After I had finished writing the first part of this series it did occur to me that using the Gatwick – Barbados route may have appeared a little cherry picked, as it has two features that should help the value of the companion fare I was arguing exists. Firstly, it is a low competition, high fare route. In comparison to the Virgin network’s main focus in the continental US, with the carnage that is TATL economy yields at the moment, cash tickets to Barbados are far higher. Also – Gatwick means the departure taxes from the UK are a little lower than most of Virgin’s routes out of Heathrow.Both criticisms are pretty fair, so I am going to fire up Excel again and delve into to both LHR – New York Kennedy and LHR to San Francisco, to see if my argument still holds any weight on routes that should be unfriendlier to it. I am going to do things slightly differently however, rather than just assuming a mile is worth 1p, for each cash ticket price I will calculate the savings made by using a companion reward in relation to booking two cash tickets, and compare that to the net miles outlay – ie, the mileage cost of the companion reward + the miles not earned from the 2nd revenue ticket – to generate a pence per point value for the using miles at that cash ticket price. Again, I will be comparing the companion fare to economy classic cash prices, and not light ones. My reasoning remains the same – firstly the mileage ticket can only be booked into Classic so it makes it a fairer comparison, and secondly, that at an extra £100 buy up, the added benefits of seat selection, checked baggage, some flexibility, the extra miles, and the ability to add upgrades later; I remain of the opinion that the vast majority of people should be booking into Classic anyway. [And if you really must fly at the absolute lowest cost, buy into economy light and use a bunch of miles to take 0.6p off per mile – but that’s not a good idea.] So firstly, New York. Before we get to the graphing let’s just have a brief overview of the price landscape. On Virgin/Delta direct flights, the lowest pricing for Economy Light starts at £273, and that price is widely available outside of school holidays. Therefore Classic is also widely available for £373. OneWorld are also at that price for their Economy Basic product, which is essentially the same as light, but their buy up to normal economy is only £80 return, though I don’t think includes seat selection. United are also pricing from £274 (although it too is fairly well available) with normal economy and seat selection also only an £80 buy up. So, the lowest price seems to be around £350 for normal economy experience you would get on a Virgin mileage ticket. However, at peak times the story is very different. In the first weeks of the Summer School holidays prices are essentially twice as high. For normal Economy its at least £650+, even connecting in Amsterdam or Munich would only bring it down to the high 500s. For reference, the taxes and fees on direct Virgin flown award tickets are £270. To the pretty pictures then: Takeaways from this are that even at the lowest cash prices on the route, directly comparing to Virgins price of £373, the miles are generating savings of 0.75p per point. Whilst this is not a fabulous redemption by any means – it is certainly around the value many people’s lowest acceptable redemption is at – especially considering that for many Virgin collectors the alternative is avios, and the opportunities to redeem avios at above 0.75ppp seem to decrease daily. Then if we look at the 1pp threshold, it is reached at cash prices at the still very low price of £410 on off peak dates. If you are inside the 21-day advance purchase window for the very cheapest fares it is likely that a companion reward will generate excellent savings. Similarly, if there are peak dates involved, the thresholds for 1ppm are only around £450 and £500 respectively. These are still very low if the peak reward season combines with higher cash prices, for as I discussed earlier, cash prices in the holidays for this set of direct flights will be over £650, “miles” above the threshold. Next, let’s look at San Francisco, as it fits into the highest band of award costs, and the cash prices are still often affected by the current TATL bloodbath. Outside of school holidays, Virgin pricing seems to start at £304 for Light, £404 for Classic, although that is not widely available and £340/440 is more common. United is offering a more widely available £284/364 combo. American/BA are mostly around Virgin/Delta prices. In the holidays, prices become £800-900 for midweek-midweek or £1200 and up for Saturday – Saturday. The taxes and fees are slightly higher on award tickets at £300.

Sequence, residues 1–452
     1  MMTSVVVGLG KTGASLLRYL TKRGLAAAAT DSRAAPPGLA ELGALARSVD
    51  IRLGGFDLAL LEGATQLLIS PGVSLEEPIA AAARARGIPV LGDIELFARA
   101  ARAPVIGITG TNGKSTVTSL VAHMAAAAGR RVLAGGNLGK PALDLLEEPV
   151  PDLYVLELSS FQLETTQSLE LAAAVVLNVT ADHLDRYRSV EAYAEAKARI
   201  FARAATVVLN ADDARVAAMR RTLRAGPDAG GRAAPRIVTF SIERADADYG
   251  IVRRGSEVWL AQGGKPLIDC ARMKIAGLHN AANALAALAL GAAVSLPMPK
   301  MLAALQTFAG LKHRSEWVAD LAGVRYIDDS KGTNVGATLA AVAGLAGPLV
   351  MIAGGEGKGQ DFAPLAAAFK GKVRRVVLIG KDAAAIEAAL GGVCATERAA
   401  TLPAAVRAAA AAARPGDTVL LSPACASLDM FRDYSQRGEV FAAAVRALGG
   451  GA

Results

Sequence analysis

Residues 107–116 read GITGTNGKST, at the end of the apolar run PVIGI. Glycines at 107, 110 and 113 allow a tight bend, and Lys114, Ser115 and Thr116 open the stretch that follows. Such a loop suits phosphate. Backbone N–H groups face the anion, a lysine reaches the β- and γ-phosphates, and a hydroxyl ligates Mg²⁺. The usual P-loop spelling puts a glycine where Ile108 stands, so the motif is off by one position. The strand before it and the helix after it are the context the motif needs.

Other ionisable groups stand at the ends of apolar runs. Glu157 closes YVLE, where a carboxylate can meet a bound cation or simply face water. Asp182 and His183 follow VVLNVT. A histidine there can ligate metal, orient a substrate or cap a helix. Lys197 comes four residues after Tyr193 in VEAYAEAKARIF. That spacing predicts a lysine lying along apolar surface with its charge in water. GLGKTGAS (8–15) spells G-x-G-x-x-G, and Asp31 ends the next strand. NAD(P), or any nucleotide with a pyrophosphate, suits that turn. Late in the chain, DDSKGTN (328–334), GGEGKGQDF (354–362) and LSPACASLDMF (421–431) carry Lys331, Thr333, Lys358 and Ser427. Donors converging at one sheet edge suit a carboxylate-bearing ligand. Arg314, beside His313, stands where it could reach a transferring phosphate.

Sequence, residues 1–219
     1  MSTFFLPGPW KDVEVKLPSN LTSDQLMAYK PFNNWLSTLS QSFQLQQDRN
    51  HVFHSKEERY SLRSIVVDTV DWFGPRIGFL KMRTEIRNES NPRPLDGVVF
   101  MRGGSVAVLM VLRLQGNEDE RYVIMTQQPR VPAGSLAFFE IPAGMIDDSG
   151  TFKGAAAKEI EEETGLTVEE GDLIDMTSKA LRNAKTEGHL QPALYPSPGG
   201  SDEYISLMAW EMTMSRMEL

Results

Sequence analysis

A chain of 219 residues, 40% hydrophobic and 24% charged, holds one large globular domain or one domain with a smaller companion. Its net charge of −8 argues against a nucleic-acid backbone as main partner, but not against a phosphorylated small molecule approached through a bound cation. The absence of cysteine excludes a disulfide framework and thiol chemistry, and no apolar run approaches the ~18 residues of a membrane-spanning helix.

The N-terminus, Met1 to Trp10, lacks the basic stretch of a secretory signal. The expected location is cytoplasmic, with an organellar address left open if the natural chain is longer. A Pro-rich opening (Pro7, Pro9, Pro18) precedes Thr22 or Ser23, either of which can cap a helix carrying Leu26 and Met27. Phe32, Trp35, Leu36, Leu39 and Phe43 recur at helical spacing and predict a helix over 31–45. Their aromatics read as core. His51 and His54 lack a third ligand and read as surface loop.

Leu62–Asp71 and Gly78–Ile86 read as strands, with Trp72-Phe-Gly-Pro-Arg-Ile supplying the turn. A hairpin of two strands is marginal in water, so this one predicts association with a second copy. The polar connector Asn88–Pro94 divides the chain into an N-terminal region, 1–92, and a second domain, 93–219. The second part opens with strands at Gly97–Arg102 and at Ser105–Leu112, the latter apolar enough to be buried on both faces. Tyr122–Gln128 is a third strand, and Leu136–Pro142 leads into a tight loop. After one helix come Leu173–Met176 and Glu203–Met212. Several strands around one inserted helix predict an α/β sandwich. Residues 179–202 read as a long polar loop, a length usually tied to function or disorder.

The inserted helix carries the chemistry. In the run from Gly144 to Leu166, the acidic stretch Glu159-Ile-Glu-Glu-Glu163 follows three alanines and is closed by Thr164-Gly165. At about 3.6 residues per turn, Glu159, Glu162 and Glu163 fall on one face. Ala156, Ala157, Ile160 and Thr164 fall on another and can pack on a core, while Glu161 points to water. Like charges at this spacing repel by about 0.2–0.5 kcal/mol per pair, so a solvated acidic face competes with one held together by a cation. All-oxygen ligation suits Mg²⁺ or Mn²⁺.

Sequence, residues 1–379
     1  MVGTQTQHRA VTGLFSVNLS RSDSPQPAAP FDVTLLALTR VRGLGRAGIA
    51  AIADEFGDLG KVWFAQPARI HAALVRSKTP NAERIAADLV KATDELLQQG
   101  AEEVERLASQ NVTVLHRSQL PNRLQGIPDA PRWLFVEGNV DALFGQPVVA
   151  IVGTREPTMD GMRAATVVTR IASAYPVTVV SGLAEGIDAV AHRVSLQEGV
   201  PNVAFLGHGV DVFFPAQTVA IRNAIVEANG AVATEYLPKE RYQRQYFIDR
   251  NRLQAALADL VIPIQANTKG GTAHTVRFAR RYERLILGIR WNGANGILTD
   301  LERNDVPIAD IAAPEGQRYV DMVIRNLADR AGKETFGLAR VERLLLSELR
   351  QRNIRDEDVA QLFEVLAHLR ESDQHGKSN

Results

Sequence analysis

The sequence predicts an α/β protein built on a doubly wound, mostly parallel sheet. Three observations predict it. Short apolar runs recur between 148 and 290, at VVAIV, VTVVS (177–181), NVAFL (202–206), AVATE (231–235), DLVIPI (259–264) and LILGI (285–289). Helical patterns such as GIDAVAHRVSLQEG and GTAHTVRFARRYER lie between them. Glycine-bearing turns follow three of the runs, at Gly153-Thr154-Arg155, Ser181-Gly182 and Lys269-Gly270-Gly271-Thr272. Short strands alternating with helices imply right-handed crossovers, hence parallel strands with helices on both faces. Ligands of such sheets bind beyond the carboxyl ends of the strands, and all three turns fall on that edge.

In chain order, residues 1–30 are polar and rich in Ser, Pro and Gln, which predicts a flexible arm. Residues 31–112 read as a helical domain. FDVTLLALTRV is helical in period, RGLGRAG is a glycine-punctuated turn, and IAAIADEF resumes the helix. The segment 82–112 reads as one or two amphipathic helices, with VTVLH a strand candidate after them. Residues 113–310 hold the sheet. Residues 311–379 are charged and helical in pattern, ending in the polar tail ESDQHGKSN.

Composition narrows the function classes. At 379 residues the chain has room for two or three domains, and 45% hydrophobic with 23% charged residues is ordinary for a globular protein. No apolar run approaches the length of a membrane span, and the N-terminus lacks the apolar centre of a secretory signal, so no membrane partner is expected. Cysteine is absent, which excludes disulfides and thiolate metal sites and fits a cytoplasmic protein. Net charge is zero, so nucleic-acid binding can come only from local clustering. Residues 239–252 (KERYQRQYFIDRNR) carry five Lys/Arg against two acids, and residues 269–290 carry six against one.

This one is slightly less positive for the Companion reward. At off peak times, United’s £364 price is too low for the companion reward to compete (assuming you value the 50% distance miles earnable in any number of Star Alliance programs at 1:1 with Virgin miles – if not then this fare should be considered £50 more expensive but that is is still too low to get more than 0.5p per point). However, if you don’t want to fly United, Virgin’s common low of £440 still produces value around the 0.75p mark, which is not terrible. The thresholds for 1ppm at £500/550/600 are all prices which at relatively short notice or shoulder season the cash fares will be above.One caveat here is a reminder that it is a mistake to see the higher and higher pence per mile value as cash prices increase to think that it means that companion rewards should always be used even as cash prices skyrocket, because that forgets the fixed prices of normal awards tickets. These graphs only show the implied value of the points relative to the using cash, not relative to the cheapest way of booking the flights. At very high cash prices, if 2 reward seats are available then they will be a cheaper method of booking than buying cash tickets, which reduces the saving from using a companion fare, and so reduces the value per mile. A second caveat is that when using a companion award, the cancellation/changes fees are far lower than on the revenue tickets, which may provide value, but it is very much on an individual basis what that value is. As such, it is not reflected in the maths behind the graphs, although it would mean that the miles are slightly more valuable than their valuation given in this exercise at each price point. In Conclusion,
– Even with the comically low fares in Economy Light, as long as you were going to book up into classic anyway, you can regularly get 0.75ppm and better using the companion award
– The thresholds for the companion reward way of booking two tickets achieving 1ppm are low enough that any slight increase in cash fares will bring them at or above that level
– This remains true when Peak dates are involved.